Helen Light and Melanie Darst highlighted the importance of leaf litter in their 2008 USGS study on the Apalachicola’s drying floodplain forests. Fallen leaves are shelter for insects, which feed birds, and, when the river rises, feed fish as well. The leaves then decompose and add organic material to the soil.
Not every backwater area is connected to the river year round. However, when the Apalachicola floods, the system is fully connected, and the nutrients in that soil make their way down to Apalachicola Bay, where they feed the bottom of the food web.
It’s a beautiful system. Crawfish and tupelo trees help feed oysters and shrimp. Of course, the Apalachicola oyster is in year six of a fishery collapse that doesn’t look to recover soon. The river’s other icon is also in decline. But where the oyster fishery’s demise came suddenly during a drought event, altered river flows are causing a more gradual decline for the ogeechee tupelo.
The Thinning of the Floodplain Forest
Near the giant cypress tree is an ogeechee of similar size, toppled over. Dan uses this to illustrate what is happening in the Apalachicola floodplain. “This is an older tree,” He says. “And you can see it’s breaking down, falling down. So the older trees are dying out. But there’s no real young tupelo coming in.”
Between 1976 and 2004, Helen Light and Melanie Darst surveyed trees in the Apalachicola floodplain for the US Geological Survey (the study linked above). by 2004, they estimated that were 4.3 million fewer trees in the floodplain canopy, a loss of 17% (Page 53). Of that, 3.3 million were swamp species, those that thrive in the wettest conditions. They estimated a loss of “at least 19 percent for water tupelo, 38 percent for popash, and 44 percent for Ogeechee tupelo.” (53)
The cause is a drying floodplain. In a separate study that Light, Darst, and others completed for the USGS, they explored the effects of water level decline on the floodplain. Notice that they’re looking at water level, and not discharge from the Jim Woodruff Dam in Chattahoochee. According to the study, the average amount of water that flows through Chattahoochee is roughly the same as before the dam was built:
“Average discharge in the earliest 30 years (1929–1958) and latest 30 years (1975–2004) in the period of record at the Chattahoochee gage was very similar (21,200 and 21,500 ft3/s, respectively)…” (Page 41)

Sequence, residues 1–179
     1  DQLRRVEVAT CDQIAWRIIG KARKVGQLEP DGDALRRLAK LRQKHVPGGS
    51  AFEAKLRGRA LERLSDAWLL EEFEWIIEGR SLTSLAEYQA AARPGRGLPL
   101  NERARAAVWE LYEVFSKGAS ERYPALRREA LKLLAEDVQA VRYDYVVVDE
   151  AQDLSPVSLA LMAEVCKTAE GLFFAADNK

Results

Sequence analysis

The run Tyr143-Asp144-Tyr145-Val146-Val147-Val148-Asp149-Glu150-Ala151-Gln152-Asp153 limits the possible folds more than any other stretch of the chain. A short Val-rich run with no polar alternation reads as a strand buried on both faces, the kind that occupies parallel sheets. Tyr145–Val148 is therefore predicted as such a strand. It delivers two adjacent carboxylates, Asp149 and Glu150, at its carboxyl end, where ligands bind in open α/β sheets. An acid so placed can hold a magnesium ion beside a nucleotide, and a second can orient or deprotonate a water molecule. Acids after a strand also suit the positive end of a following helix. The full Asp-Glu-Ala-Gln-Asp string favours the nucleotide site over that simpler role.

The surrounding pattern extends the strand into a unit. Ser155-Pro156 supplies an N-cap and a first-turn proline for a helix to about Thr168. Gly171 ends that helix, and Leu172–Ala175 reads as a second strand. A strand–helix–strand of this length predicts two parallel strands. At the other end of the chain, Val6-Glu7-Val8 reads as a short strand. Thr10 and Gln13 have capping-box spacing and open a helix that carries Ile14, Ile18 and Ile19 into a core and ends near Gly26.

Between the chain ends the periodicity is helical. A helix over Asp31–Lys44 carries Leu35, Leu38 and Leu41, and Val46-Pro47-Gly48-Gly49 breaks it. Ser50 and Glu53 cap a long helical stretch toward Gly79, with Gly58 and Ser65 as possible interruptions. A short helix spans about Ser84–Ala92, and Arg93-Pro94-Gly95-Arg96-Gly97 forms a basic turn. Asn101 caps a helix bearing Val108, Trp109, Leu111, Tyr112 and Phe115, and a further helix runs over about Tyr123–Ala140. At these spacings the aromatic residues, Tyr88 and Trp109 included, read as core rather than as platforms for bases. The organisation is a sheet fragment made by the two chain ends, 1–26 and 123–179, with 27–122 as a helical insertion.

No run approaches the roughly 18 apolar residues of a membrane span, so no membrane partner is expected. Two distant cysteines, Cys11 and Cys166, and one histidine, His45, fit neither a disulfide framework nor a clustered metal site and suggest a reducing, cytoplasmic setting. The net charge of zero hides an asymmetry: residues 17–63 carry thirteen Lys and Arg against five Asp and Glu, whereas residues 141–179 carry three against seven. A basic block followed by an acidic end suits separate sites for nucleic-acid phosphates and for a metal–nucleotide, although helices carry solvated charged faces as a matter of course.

Despite the similar overall water flow, they found that in the last ten years of their study period, one of their study swamps was inundated 29% of the time. The output was more or less the same as it was before the dam, but the water level was lower. They estimated that if water levels had not dropped, the same swamp would have been inundated for 47% of the time (page 39).
The question is, if the overall amount of water is the same, why is the water level lower?
The Changing Shape of the Apalachicola River
Congress mandated that the US Army Corps of Engineers build the Woodruff Dam in the 1950s. They also mandated that the USACE maintain a 9 foot deep by 100 foot wide “navigation channel,” to facilitate barge traffic on the Apalachicola.
As Dan Tonsmeire explains, this was achieved in a couple of ways. “One is they would dredge the high spots in the river out, and they would snag the river.” Snags are the trees that have eroded or otherwise fallen off of the river bank and into the river channel. These can present an obstacle to boats, but still have an ecological significance. As Dan explains, they also took living trees and stumps off of the bank. Removing those root systems caused erosion, widening the river.
The ACE also cut off river bends, and installed dikes along the banks to straighten the river. Additionally, because sediments flowing from the Flint and Chattahoochee rivers were trapped behind the dam, river flow carried sediments from the Apalachicola river bed without replenishing them, deepening the channel for about 40 miles below the dam. (Page 6)
Because of the river’s modified, wider shape, it takes more water for it to reach its pre-dam height. “In the example in figure 13, the selected discharge of 15,000 ft3/s at the Chattahoochee gage had a pre-dam stage of 49.22 ft, and 25,700 ft3/s is the ‘equivalent-stage discharge.'” (Page 22) In other words, for it to reach the same height (49.22 ft) as it had before the dam was built, it would need 10,000 cubic feet per second more of water to flow through it.
This also means that it takes more water than it used to to reach the height needed to enter the floodplain. And so that’s a factor.
Not Just How Much Water, But When
The study also notes that while the overall discharges were the same over their study period, they were lower during an important seasonal period. Talking to Helen Light, she pointed me to how much water is released from the Woodruff Dam during the spring and summer months.